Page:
Good practices include automatically muting everyone who isn’t speaking if your meeting includes more than four or five people. Obviously, let them know ahead of time that you’ll be doing this. Most software will allow them to unmute themselves if they have a question or comment, but they can also raise their hand on a video call, or use a “hand raise” feature.

Keep people on topic

Be on the lookout for discussions that can be tabled for later, whether in a one-on-one chat or in the next meeting. That’s not to say that you can’t digress if needed, but the last thing you want to do is go down a rabbit hole.

A good rule of thumb is that if discussion of an item extends over X amount of minutes (say, 5 minutes, for a 60-minute meeting), propose that it be continued after the meeting ends. You can continue the discussion via email, a chat tool like Zoho Cliq, Slack or Google Hangouts, or a future meeting. Make sure that these follow-up discussions are actually happening, though, so that people don’t feel like they’re being silenced.

When you open a topic up for discussion, there’s always the potential that only one or two people will share their thoughts. After all, some people are more comfortable than others when it comes to speaking their mind in front of an audience.

In general, you want to avoid creating a dynamic where only a few people chime in. If you allow the chatty ones to dominate the conversation, it can turn from a thoughtful discussion into a monologue. And that defeats the purpose of having a meeting in the first place. Be on the lookout for conversation hogs and politely intervene to steer the discussion, or to encourage those who haven’t spoken yet to share their thoughts.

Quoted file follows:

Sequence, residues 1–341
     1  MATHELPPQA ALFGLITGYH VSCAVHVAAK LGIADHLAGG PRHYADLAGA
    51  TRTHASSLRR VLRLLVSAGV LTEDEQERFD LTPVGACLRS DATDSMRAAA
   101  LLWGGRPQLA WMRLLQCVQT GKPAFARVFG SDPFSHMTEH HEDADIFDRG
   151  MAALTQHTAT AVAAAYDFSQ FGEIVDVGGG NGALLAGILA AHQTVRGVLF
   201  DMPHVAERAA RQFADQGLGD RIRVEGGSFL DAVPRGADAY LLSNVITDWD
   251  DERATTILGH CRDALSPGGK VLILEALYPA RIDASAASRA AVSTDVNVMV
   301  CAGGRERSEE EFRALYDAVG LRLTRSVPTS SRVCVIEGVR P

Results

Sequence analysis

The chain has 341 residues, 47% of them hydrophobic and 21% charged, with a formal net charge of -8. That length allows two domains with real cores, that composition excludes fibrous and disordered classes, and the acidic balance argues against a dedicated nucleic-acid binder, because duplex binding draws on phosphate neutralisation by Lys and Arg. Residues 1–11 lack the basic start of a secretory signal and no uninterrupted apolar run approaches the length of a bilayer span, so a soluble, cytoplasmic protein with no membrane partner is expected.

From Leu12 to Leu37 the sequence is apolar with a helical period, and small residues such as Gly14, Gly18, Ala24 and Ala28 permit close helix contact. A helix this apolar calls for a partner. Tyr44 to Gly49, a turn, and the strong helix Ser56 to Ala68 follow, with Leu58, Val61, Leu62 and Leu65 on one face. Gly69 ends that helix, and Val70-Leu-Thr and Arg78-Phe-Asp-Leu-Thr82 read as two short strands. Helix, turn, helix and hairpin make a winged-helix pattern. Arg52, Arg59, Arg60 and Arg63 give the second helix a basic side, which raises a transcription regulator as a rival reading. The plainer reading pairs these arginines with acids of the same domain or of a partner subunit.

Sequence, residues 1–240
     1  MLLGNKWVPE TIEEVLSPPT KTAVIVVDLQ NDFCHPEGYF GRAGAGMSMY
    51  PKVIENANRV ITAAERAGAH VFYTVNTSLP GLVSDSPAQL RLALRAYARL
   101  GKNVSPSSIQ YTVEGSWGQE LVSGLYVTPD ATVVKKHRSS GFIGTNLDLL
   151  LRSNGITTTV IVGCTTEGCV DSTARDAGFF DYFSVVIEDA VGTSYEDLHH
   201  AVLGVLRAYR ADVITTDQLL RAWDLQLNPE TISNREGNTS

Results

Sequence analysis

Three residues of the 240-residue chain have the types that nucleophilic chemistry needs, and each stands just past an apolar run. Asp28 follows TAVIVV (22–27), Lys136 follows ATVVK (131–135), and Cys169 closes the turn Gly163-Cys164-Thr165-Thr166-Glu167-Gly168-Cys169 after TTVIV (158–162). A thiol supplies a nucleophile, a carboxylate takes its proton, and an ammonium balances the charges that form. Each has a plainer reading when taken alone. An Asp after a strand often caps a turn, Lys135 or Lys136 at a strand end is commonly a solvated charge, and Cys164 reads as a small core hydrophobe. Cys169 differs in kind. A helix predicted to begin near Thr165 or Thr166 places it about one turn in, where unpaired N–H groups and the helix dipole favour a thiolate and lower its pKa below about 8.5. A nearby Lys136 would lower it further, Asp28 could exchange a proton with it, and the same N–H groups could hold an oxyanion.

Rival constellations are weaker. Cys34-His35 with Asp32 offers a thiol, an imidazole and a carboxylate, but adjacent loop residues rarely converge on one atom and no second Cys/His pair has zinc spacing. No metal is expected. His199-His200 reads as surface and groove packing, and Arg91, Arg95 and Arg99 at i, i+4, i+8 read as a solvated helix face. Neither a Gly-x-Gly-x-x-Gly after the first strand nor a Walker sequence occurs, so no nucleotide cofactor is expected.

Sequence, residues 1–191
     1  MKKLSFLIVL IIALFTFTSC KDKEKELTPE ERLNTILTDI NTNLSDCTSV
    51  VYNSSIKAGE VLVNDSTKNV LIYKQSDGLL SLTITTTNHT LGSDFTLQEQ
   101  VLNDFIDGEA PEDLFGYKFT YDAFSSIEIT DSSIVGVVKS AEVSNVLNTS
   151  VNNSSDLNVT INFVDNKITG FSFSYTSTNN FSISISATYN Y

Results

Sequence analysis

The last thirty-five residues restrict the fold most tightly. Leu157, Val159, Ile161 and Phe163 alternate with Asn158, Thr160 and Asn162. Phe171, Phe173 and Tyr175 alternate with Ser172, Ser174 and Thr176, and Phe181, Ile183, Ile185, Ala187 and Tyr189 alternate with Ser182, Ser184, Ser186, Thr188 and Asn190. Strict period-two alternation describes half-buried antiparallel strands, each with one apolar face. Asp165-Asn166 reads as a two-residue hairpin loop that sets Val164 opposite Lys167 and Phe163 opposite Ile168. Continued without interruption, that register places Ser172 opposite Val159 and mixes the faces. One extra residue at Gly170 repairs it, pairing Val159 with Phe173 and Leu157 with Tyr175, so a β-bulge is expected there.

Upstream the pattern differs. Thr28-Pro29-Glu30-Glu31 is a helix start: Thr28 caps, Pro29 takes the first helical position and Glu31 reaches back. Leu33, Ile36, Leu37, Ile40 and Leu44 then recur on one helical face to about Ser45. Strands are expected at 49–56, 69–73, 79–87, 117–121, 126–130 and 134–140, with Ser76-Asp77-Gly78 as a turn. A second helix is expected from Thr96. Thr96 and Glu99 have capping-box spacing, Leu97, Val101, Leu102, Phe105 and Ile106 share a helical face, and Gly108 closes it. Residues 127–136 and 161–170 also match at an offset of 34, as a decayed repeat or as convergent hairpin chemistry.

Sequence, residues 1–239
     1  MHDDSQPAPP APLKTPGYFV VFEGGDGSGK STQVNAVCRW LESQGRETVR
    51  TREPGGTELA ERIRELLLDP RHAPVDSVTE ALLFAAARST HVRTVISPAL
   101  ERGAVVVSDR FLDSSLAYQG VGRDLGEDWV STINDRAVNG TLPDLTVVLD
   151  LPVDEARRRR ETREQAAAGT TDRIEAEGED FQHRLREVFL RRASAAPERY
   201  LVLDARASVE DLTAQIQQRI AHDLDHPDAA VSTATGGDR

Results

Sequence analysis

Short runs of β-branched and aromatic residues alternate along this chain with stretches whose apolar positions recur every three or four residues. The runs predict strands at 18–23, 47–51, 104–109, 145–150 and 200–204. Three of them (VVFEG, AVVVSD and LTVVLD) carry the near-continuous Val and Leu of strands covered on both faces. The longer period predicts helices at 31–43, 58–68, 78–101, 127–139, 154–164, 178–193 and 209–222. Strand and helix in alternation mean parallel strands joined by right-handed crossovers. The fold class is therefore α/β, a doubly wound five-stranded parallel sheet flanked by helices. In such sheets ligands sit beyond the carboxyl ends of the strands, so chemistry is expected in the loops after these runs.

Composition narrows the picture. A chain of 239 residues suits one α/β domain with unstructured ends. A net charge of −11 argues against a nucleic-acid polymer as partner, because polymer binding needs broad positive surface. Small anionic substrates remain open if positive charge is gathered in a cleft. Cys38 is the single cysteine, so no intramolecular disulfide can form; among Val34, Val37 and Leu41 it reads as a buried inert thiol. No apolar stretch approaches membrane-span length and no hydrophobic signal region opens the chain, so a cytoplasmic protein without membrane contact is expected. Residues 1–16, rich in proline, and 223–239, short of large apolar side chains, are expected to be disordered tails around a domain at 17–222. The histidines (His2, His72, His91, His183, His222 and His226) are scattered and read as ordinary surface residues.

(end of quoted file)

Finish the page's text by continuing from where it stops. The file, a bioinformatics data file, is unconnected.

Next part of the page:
After the meeting is done

Next to rabbit holes, one of the most discouraging aspects of a meeting is when you spend an hour discussing something. only for it to result in no action when everyone signs off. If there isn’t concrete progress, team members will feel their time, energy, and preparation were all wasted.

Follow up on action items 

Remember the action items you marked on the agenda? Now, it’s time to enact the solutions your team discussed. During the meeting, you should’ve designated who was in charge of following up on what. As the meeting organizer, check in with those parties one more time to see if they have any questions and understand what’s expected of them.

Another approach would be to go into the meeting with a specific person in charge of noting tasks and putting them into your team’s project management tool after the meeting. If you’re not currently using project management software, solutions like Zoho Projects, Basecamp, or Trello can help track your projects, their milestones, and who’s responsible for doing what.

No matter what tool you’re using, there should be owner(s) assigned to every action item. If you want to learn more about how to project manage your team remotely, we have an article to get you started. Even if you don’t use a full-fledged project management tool right now, these tips will help you run more effective meetings.

You may have noticed that creating a strong agenda is the cornerstone of several of our tips. If you’re looking for a meeting agenda template, keep an eye out for our list of templates for remote teams, coming. In the meantime, remember to focus on running meetings that are organized, timely, and focused–your team will thank you.